Features & Specifications
A few months ago, we tested the ROG Swift PG258Q, the first 240 Hz computer monitor from Asus. It offers a real advantage to competitive gamers with G-Sync, ULMB, super fast panel response, and virtually no input lag. It also carries a fairly high price tag, higher than any other 25” panels with FHD resolution. Part of that equation is the G-Sync module, which ups the ante by around $120.
Today we’re looking a FreeSync version of the same panel part from AU Optronics, in the form of AOC’s AG251FZ. Part of the Agon line of gaming screens, it offers the same 240 Hz operation but delivers adaptive sync to AMD users and omits any sort of blur reduction technology. It also carries a lower cost—around $450 at this writing. Like the PG258Q and Acer’s XB252Q, it maintains that high speed at 1920x1080 resolution. While some may consider this a step backwards, you might change your mind when you see it in action.
I learned recently that AU Optronics developed this new part at the urging and guidance of Nvidia. What better way to showcase adaptive sync than with a high performance display. The AG251FZ is stable right up to 240 Hz and does not require an overclock feature in the OSD to achieve it. You simply select the rate from Windows’ display dialog and you’re ready to rock. FreeSync is supported from 48-240 Hz. That’s different than the G-Sync panel’s range of 24-240 Hz. Honestly, at FHD resolution, no one should be settling for framerates under 48. Even a cheap video card will be able to drive this screen above that.
This display doesn't have any kind of blur-reduction technology. Considering the speeds possible here, that doesn’t seem like a big deal to us. Some hyper-competitive players prefer ULMB over G-Sync or Freesync, but in our experience, the latter two deliver better gaming. Despite that, AOC uses the entire brightness range this panel is capable of, running its output right up to 400nits in our tests. As you’ll see later, we also recorded some impressive response and lag numbers.
There’s no doubt that this will turn out to be the speediest screen currently available to AMD users. But it also must deliver accurate color, decent contrast, and proper motion processing. Our benchmark tests will tell the full story. Let’s take a look.
Packaging, Physical Layout & Accessories
The AG251FZ’s large carton is emblazoned with pictures and graphics announcing its gaming intent. 240 Hz is shown prominently along with the FreeSync logo and a host of other features. Once open, the panel and upright must be assembled with four Philips-head screws. The base is then attached with a captive bolt. Build quality is a notch above AOC’s normal level, which is already very good.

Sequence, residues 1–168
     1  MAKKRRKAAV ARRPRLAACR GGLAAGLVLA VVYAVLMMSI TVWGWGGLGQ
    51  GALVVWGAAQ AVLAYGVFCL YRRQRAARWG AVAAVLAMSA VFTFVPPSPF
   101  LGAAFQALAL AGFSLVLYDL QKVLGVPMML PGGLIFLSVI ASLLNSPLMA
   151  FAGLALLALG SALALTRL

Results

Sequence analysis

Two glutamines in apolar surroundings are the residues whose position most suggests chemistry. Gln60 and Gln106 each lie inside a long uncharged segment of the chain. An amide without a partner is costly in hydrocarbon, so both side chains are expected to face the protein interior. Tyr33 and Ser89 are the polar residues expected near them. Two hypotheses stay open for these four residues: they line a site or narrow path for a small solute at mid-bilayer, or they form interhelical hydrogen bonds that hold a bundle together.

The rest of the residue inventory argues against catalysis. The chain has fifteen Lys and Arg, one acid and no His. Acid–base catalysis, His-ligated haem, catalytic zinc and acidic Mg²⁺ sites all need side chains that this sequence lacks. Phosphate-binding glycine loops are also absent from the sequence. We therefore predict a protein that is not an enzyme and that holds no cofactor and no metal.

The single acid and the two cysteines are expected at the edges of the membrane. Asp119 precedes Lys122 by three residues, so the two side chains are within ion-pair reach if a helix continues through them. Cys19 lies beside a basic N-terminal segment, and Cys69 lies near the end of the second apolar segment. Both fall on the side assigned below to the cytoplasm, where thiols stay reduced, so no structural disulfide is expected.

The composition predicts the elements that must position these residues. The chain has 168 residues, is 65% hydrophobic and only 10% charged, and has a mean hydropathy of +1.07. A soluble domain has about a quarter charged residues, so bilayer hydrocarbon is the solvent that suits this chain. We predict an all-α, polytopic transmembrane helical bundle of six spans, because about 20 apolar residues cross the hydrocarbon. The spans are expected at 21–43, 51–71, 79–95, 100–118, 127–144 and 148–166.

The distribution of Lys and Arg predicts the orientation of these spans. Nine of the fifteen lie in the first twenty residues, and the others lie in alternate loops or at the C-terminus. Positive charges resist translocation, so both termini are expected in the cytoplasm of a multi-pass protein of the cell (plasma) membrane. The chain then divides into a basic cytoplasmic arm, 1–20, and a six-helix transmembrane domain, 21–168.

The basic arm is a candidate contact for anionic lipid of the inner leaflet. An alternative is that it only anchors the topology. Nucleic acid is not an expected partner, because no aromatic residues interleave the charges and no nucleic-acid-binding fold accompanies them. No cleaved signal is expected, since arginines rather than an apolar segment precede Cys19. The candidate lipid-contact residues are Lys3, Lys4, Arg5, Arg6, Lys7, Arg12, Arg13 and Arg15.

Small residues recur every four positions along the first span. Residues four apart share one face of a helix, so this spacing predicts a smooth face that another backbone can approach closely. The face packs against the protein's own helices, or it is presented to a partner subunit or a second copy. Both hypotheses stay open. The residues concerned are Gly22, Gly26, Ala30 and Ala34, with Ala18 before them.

The power supply is external and included in a large brick. You also get video cables for HDMI and DVI but strangely, not DisplayPort. Rounding out the accessories is a USB 3.0 cable and a metal adapter for the VESA mount. You’ll need it if you plan to use a wall bracket or monitor arm. Drivers and documentation come on a CD-ROM.
The panel has a narrow bezel, only 12mm at the top and sides. It makes no pretense towards a zero-frame design. The anti-glare layer is not flush, but the screen’s border is quite minimal nonetheless. At the bottom, it’s slightly wider at 20mm. You won’t have any issues with ambient light reflections on this screen. It rejects them aggressively and retains excellent clarity with no visible grain.
Controls are located on the bottom right edge of the panel, but you’ll likely never touch any of them save the power toggle. A slick, wired controller is included that provides complete OSD navigation along with three image mode buttons.
The base and upright are made from solid aluminum and are very stiff once everything’s put together. There’s 4.5” of height adjustment along with 20° swivel to each side, 21.5° back tilt, and 3.5° forward. You also get a portrait mode. All movements feel high end, and there’s even a scale on one side to make replicating the panel’s vertical position easier.
The side profile is of average thickness, and the right edge includes two USB ports plus mic and headphone outputs. Just above them is a small hook that swings out to hang your headphones on. The Agon-specific styling continues around back with a large piece of red trim finished in a brushed-metal texture. Two speakers fire out of small, up-facing grills at the top. They offer reasonable volume without excessive distortion. Their 3W rating is a tad higher than most. The whole package signals its gaming intent without delving into the over-the-top sci-fi look of some other enthusiast monitors.
The input panel is more complete than what you’ll find on any G-Sync monitor. In addition to a single DisplayPort, you get both HDMI 1.4 and 2.0 ports. The latter supports FreeSync, 240Hz, and HDCP 2.2. The 1.4 port works with MHL-compatible devices. You also get a DVI connection that works up to 144 Hz. If you need VGA, that’s included as well with 60 Hz support. Also here are the remaining USB ports, an analog audio input, and a mic input. The mini-USB port is for the OSD controller.
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